France: Law on national domain images changes
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France: Law on national domain images changes

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A French court issued a ruling on April 13 2018 concerning the photographs of Chambord Castle used by Kronenbourg breweries in the context of an advertising campaign for one of their beers.

The case asked whether the castle, which is part of the public domain of the French state, can be reproduced without financial compensation or authorisation from the public institution.

Previously, commercial exploitation of a photograph of a private building has been allowed, without prior authorisation or any financial compensation, unless the photo caused abnormal disturbance to the owner of the building or if the owner had copyright on that building.

The court confirmed this ruling and rejected the argument that such commercial operation could be considered as private use of the public domain. Deciding differently would restrain the freedom of entrepreneurship.

This decision was, however, made prior to Law No. 2016-925 of July 7 2016 on the freedom of creation, architecture and heritage.

Now a specific system is set up for image rights of goods falling under the category of "national domain". A first list of six monuments and estates was submitted by the Ministry of Culture and Communication and validated by the Historical Monuments National Commission. On this list were the Chambord Estate, the Castle of Angers, the Palais du Rhin in Strasburg, the Estate of Pau, the Louvre and Tuileries Estates in Paris (1st) and the Palais de l'Elysée in Paris (8th).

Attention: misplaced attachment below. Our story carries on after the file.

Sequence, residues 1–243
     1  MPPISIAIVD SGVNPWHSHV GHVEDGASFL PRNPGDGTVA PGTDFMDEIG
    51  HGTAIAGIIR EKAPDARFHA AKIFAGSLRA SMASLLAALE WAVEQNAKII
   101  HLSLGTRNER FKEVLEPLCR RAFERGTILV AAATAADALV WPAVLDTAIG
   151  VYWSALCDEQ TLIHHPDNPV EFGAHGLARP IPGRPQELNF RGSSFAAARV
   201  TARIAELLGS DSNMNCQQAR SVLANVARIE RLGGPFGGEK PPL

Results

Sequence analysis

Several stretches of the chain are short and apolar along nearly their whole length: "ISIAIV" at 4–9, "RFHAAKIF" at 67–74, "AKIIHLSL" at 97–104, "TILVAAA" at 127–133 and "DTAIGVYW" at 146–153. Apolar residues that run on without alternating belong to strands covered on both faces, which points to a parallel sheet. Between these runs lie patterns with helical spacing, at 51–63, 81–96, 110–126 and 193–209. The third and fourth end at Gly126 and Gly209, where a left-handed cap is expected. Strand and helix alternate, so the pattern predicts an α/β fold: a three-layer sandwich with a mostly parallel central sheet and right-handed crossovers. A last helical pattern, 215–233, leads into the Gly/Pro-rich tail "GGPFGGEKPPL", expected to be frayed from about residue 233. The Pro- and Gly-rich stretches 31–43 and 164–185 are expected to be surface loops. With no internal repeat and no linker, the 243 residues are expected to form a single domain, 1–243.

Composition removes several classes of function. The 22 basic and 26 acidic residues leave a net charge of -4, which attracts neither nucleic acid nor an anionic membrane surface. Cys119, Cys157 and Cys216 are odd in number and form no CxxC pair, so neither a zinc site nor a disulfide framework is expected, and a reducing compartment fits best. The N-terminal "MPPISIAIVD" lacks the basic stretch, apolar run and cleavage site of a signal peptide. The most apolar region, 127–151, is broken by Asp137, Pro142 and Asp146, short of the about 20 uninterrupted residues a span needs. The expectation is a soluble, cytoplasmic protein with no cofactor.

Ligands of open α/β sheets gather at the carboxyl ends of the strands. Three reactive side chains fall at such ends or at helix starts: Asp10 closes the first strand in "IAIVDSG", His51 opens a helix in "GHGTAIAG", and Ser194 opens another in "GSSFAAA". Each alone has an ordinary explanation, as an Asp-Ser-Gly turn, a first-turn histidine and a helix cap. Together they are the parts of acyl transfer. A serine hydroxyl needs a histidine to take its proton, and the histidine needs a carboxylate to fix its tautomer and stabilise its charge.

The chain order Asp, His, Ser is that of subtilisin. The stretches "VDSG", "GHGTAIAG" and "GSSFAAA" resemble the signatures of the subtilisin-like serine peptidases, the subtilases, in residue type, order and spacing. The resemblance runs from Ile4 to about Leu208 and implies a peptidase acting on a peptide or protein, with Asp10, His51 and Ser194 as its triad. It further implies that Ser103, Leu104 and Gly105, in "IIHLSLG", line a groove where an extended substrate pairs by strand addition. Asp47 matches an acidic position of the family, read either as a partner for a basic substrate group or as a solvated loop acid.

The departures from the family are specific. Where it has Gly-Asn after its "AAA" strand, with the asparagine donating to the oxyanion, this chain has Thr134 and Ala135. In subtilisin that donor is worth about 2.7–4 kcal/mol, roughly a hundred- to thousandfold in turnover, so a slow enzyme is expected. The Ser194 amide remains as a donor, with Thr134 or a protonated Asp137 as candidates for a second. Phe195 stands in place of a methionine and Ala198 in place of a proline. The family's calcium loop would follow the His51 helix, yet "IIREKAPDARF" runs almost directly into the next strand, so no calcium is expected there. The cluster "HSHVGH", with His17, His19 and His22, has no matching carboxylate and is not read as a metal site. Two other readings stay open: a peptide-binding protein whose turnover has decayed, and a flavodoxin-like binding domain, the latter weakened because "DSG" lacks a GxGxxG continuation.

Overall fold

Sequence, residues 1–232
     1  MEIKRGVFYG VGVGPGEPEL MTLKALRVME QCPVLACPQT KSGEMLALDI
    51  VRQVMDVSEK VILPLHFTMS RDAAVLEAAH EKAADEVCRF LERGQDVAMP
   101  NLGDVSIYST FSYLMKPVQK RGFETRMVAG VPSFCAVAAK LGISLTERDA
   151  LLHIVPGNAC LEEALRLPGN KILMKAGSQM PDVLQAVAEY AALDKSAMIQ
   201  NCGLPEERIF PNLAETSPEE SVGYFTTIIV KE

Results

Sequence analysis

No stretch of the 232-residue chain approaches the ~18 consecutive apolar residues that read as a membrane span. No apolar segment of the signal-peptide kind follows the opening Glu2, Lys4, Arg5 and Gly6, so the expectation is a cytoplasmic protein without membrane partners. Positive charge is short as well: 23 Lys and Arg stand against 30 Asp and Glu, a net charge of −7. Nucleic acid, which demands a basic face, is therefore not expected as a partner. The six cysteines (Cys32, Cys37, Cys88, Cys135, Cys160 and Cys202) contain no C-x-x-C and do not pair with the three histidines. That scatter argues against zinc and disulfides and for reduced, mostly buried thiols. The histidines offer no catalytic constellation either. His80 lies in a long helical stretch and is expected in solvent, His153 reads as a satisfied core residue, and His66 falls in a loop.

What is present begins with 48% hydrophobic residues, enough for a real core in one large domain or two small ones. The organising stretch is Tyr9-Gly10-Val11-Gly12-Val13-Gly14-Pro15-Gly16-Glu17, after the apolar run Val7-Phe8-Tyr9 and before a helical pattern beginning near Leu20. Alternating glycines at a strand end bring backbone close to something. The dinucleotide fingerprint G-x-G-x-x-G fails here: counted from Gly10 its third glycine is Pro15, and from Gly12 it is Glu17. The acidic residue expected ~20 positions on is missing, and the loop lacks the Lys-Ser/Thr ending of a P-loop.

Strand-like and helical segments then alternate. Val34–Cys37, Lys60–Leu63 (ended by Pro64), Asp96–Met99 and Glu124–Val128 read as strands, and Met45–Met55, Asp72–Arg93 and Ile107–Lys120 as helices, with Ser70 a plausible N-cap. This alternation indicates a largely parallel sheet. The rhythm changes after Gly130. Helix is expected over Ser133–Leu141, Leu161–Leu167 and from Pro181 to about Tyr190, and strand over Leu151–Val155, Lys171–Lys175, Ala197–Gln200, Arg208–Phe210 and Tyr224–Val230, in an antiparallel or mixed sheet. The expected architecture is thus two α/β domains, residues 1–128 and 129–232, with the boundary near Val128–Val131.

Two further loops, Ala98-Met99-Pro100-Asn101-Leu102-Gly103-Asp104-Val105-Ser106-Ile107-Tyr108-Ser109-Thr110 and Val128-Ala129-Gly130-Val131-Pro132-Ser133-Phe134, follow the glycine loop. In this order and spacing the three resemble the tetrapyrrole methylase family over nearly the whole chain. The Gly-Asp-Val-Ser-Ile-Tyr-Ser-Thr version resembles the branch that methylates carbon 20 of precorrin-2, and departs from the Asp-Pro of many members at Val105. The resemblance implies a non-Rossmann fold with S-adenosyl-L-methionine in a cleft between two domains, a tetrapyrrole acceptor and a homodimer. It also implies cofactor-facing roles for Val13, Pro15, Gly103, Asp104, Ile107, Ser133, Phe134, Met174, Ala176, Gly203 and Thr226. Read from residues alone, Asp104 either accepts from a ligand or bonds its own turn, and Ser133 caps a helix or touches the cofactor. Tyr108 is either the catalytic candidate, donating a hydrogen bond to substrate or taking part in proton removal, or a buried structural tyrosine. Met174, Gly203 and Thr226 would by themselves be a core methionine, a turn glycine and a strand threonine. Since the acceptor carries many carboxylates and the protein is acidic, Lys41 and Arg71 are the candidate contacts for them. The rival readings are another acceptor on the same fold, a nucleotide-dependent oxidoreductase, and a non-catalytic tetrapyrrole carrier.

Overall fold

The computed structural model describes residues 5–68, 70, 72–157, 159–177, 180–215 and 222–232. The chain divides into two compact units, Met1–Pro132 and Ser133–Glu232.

Article L. 621-42 of the Heritage Code means that prior authorisation and potential financial compensation are now the rule for using an image of such buildings.

However, such authorisation is not required when the image also pursues a cultural, educational, research or information purpose or is linked to a public service task.

A decree should provide details about the concept of "commercial purpose".


Aurélia Marie

Cabinet Beau de Loménie

158, rue de l’Université

F - 75340 Paris Cedex 07 France

Tel: +33 1 44 18 89 00

Fax: +33 1 44 18 04 23

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